You can learn a lot about a company from the data it discloses.  Netflix, for example, reported in January that in just four weeks 76 million households “chose to watch” their original fantasy series The Witcher. It then explained that “chose to watch” had a precise definition: One or more people in the member-household watched for at least 2 minutes, which is “long enough to indicate the choice was intentional.”

Full disclosure, I’m a Netflix subscriber and, yes, I’m among the millions who chose to watch The Witcher. It was intentional, I didn’t sit on my remote accidentally. Truth be told, I liked it. Back in the day, I’d have given it a good star rating – but Netflix doesn’t use that metric anymore. They ultimately concluded that the star ratings didn’t accurately reflect whether viewers were actually enjoying their content.

The logic behind Netflix’s “chose to watch” metric is similar. You see, they previously reported viewership by number of ‘watchers’ – a category of “households that watch[ed] 70% of a film or single episode of a series.” Netflix determined, however, that this didn’t accurately reflect their content’s popularity. And, so, just as the show’s titular Witcher isn’t a witch someone who chooses to watch isn’t a watcher.

More specifically, the technical reason Netflix gave for ditching its ‘watcher’ metric, with its 70% viewing threshold, was that it put longer duration content at a disadvantage. That seems fairly defensible. After all, it takes a lot less time to watch 70% of a 22-minute sitcom – let alone a 15 second TikTok video – than a 3+ hour feature film such as The Irishman. It is, they said, about “leveling the playing field.”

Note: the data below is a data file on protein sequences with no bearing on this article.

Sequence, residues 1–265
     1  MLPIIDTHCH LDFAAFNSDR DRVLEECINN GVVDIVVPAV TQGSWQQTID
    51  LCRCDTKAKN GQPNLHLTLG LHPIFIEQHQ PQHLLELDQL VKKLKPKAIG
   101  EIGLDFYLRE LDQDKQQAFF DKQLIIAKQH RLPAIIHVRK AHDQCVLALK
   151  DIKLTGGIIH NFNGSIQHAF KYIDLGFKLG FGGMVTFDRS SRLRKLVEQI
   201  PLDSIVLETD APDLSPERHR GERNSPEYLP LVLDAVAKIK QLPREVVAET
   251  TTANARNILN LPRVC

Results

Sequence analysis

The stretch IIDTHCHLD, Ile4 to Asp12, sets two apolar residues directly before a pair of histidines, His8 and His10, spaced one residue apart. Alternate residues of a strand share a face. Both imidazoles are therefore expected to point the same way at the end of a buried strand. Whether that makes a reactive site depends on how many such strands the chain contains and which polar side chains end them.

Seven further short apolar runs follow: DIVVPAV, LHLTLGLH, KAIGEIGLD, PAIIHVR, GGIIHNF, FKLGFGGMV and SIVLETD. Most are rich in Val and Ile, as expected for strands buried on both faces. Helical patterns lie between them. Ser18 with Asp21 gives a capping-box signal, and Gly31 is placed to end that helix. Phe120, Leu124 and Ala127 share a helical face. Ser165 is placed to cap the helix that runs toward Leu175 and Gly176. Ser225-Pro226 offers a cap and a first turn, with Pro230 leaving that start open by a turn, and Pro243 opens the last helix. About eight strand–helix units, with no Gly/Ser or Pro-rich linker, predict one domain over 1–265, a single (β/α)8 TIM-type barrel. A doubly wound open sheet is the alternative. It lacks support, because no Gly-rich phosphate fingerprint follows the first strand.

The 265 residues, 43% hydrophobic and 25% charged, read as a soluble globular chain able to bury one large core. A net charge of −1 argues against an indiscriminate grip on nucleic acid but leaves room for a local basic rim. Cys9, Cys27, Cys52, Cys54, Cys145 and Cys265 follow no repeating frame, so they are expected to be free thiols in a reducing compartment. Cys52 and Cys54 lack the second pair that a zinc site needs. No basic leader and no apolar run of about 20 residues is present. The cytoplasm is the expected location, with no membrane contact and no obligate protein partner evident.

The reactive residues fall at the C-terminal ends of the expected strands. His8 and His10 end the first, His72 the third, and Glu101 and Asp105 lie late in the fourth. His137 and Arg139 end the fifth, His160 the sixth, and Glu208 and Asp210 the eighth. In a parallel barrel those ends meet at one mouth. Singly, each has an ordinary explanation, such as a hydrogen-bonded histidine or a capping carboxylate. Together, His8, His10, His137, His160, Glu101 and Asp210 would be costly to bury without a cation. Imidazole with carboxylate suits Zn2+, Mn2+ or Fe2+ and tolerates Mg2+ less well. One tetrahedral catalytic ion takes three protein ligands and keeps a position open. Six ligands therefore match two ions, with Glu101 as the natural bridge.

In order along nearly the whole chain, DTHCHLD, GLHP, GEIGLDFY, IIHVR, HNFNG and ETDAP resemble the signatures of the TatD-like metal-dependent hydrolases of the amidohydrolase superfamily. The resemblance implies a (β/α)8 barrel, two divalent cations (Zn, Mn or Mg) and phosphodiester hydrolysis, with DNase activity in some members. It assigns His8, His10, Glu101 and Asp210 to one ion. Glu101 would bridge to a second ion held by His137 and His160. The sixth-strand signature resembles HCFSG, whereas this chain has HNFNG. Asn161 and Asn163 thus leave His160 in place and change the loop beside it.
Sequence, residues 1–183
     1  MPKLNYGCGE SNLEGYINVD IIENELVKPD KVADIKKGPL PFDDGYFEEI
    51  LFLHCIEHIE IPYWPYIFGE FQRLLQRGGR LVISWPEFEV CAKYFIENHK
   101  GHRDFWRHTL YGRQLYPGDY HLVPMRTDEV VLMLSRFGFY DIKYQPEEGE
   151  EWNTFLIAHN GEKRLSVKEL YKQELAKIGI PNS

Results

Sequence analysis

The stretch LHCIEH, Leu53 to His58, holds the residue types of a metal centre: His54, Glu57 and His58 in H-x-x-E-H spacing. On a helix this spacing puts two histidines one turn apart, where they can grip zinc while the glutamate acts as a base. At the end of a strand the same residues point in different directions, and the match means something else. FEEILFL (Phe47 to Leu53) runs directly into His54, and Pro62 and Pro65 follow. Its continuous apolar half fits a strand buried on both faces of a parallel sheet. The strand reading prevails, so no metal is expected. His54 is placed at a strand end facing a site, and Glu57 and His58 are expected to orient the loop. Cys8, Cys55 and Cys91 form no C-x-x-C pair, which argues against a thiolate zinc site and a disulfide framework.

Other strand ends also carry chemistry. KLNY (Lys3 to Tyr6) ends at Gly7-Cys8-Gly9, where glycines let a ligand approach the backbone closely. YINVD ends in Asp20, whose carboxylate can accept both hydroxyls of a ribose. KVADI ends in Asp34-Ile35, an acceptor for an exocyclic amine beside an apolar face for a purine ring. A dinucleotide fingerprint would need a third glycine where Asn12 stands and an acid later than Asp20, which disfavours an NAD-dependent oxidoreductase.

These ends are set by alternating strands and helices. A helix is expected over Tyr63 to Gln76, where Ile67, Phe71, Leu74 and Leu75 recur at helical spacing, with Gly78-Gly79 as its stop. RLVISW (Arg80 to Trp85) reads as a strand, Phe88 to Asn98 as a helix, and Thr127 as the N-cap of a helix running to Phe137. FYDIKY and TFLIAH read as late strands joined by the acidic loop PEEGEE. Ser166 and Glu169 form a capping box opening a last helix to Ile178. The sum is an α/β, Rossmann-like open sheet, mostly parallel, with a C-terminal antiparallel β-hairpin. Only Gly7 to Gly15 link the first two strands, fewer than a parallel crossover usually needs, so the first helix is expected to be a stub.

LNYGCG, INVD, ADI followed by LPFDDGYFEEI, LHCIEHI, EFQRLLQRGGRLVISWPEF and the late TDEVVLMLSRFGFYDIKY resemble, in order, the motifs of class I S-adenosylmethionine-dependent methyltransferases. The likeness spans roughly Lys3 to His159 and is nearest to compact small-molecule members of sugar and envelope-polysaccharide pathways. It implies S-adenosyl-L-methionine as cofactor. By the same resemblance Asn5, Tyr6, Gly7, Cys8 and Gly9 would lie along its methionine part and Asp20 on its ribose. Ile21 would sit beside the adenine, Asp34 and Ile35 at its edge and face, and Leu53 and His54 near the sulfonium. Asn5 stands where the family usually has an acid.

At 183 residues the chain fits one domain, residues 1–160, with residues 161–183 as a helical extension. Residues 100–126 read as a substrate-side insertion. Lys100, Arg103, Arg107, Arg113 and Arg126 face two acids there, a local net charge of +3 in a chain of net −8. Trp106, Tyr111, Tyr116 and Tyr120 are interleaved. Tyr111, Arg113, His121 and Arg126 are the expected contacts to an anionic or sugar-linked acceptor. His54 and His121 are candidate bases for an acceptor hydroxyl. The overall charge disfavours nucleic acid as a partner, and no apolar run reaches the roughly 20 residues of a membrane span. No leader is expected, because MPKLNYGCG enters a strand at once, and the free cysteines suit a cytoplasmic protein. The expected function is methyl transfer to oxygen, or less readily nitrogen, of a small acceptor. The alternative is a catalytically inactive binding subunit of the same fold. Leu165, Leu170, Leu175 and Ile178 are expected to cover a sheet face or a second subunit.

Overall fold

Now, a skeptic might say this looks like a brazen attempt to inflate their numbers. Yet, to their credit, Netflix provided an exchange rate of sorts by openly acknowledging the new metric would increase viewership by 35% on average. Of course, if people chose not to do the conversion and those 35% larger numbers generate buzz and drive up interest that is presumably a calculated risk Netflix is prepared to take.

Therein lies the truth at the heart of this new metric. We join Netflix because it has lots of content, including original content such as The Witcher, we intend to watch. Do any of us get through all the shows we intend to? No. Does that really matter to Netflix? I suspect not. As long as there are shows we intend to watch, or have started and intend to continue watching, we will keep paying our monthly fees.

Last week, Netflix unveiled a new feature that would let viewers know what the Top 10 most popular shows and movies are in their country each day. According to Business Insider, a source with direct knowledge of the initiative confirmed to them the calculation of what content is most popular will be based on the new 2-minute metric – further solidifying the link between intentionality and popularity.

What we intend to watch is therefore the key data point for Netflix, one that’s directly tied to their business model. While it may seem opaque, the 2-minute metric is perhaps a more transparent window into their business strategy. The lesson?  Organizations should continuously reexamine the data analytics they collect, curate and communicate to ensure they’re measuring and messaging what’s important to them.